In summary

  • Two Swinburne researchers have received a Discovery Early Career Researcher Award 2023 
  • Dr Anais Möller will use machine learning algorithms to attempt to discover truths of the Universe behind exploding stars and extreme astronomical events 
  • Dr Peng Li aims to develop a novel and innovative CO2 electrolysis technology that will transform the future of energy in Australia 

The Australian Government has handed out $85 million for 200 projects, supporting early career researchers in international teams to build the skills and science for the next generation.

Two talented Swinburne researchers, Dr Anais Möller and Dr Peng Li, have been awarded the Discovery Early Career Researcher Award 2023 (DECRA), each receiving over $400,000 for their projects. 

Deputy Vice Chancellor, Research, Professor Karen Hapgood congratulates Dr Möller and Dr Li on the achievement.

“Early career researchers are our next generation scientists, and we’re seeing them make an impact now. Swinburne’s two DECRA recipients have proved their vision for taking on ambitious, international projects. I’m thrilled to see them awarded this funding to pursue important research in space and energy,” she says.

Shedding light on the Universe

Exploding stars and merging neutron stars have short lives. They appear suddenly and then fade over hours and weeks until they are no longer detectable, but they create all known chemical elements, stars and galaxies. Understanding them could tell us so much about what the Universe is made of and its physics. 

Dr Anais Möller’s project aims to identify the most exciting exploding stars and extreme events from the millions detected each night at the world’s largest optical telescope. She’ll do it using machine learning algorithms to accelerate automatic discovery in massive data sets from the mega-facility Vera C. Rubin Observatory.

She hopes this work will drive generational breakthrough.

“It is incredibly exciting to lead a project to understand what the Universe is made of and the conditions in which exploding stars occur using data from the world’s largest optical telescope. It is quite challenging as well, since we need to find these exploding and merging stars before they fade, so we need to comb very quickly through millions of other detections every night.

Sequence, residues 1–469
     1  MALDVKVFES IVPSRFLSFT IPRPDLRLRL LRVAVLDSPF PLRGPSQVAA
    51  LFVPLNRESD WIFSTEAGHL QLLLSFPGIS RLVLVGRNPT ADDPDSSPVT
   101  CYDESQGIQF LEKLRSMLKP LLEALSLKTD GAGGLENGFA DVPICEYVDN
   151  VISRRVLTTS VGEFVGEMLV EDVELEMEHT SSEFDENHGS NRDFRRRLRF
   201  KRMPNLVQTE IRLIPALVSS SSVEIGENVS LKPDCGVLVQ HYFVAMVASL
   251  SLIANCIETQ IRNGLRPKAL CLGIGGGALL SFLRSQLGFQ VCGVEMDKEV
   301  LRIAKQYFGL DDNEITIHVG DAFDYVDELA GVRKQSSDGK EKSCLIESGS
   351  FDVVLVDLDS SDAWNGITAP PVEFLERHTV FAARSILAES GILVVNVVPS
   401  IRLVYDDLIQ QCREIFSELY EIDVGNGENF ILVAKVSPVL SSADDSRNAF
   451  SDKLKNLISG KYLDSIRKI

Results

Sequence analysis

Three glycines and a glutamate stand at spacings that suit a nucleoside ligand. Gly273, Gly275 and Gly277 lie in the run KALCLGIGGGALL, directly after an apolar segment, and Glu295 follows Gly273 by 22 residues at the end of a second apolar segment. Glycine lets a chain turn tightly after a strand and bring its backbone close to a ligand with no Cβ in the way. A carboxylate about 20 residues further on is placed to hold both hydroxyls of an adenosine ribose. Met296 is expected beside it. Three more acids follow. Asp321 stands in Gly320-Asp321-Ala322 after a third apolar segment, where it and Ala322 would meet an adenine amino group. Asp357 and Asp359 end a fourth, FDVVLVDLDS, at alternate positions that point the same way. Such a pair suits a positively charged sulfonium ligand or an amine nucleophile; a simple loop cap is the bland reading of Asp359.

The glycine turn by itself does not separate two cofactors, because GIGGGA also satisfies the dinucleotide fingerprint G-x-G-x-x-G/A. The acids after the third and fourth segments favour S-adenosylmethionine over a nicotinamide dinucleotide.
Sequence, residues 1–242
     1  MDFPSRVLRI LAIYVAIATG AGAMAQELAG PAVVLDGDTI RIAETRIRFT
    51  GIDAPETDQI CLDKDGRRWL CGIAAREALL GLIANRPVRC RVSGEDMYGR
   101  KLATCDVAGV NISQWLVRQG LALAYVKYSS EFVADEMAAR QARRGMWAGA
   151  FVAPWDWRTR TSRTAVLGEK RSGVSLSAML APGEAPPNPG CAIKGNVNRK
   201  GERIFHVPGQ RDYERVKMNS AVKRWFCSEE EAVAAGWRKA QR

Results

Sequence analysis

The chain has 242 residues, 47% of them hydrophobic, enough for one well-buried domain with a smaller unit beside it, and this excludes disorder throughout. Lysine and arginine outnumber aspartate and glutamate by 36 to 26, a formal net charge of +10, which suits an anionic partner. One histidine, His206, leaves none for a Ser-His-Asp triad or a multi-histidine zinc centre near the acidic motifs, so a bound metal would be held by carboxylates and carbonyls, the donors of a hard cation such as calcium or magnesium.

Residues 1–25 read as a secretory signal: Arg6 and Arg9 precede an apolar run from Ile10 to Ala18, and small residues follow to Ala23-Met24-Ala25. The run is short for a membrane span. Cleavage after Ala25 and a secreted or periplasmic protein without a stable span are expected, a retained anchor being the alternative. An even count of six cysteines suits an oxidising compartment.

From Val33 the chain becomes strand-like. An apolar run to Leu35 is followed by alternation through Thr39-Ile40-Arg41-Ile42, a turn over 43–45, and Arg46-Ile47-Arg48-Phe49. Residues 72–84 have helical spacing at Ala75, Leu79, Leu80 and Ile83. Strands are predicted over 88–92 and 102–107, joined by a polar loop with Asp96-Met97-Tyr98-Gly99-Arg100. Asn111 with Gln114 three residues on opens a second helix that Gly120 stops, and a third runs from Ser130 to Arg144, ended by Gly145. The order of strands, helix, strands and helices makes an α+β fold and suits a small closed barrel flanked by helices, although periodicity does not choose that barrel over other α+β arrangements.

“This will be an amazing decade for transient science and I am eager to be at the forefront of it!”

Transforming energy in Australia

The Australian Government has committed to achieving carbon neutrality by 2050. Over 38 per cent of Australia’s CO2 emissions originate from industry sectors, such as coal power plants, natural gas, iron and steel, cement and fertiliser production.

A process called ‘carbon dioxide (CO2) electrolysis’ could be an answer to decarbonising Australian industries, as well as bringing in new revenue from CO2-derived products. For example, syngas (a mixture of CO and H2) is a building block in the chemical manufacturing and synthesis fuel industries. The global syngas market size is projected to increase from $43.6 billion USD in 2019 to $66.5 billion USD by 2027.

CO2 electrolysis, combined with Australian renewable electricity, will not only cut down carbon emissions but also allow us to store renewable electricity into useful fuels.

However, there are fundamental science and technological challenges that must be overcome to make it work. It’s also energy-intensive and hugely costly. Dr Peng Li’s ambitious project aims to develop a novel and innovative CO2 electrolysis technology that will transform the future of energy in Australia.

“I always push myself to pay attention to those challenging, but meaningful, scientific problems which are critical to the research community and society,” says Dr Li.

“In Australia, we have rich resources to create and utilise cheap renewable electricity. I wish to contribute my best efforts to scaling up this technology and benefiting the Australian community and beyond.”

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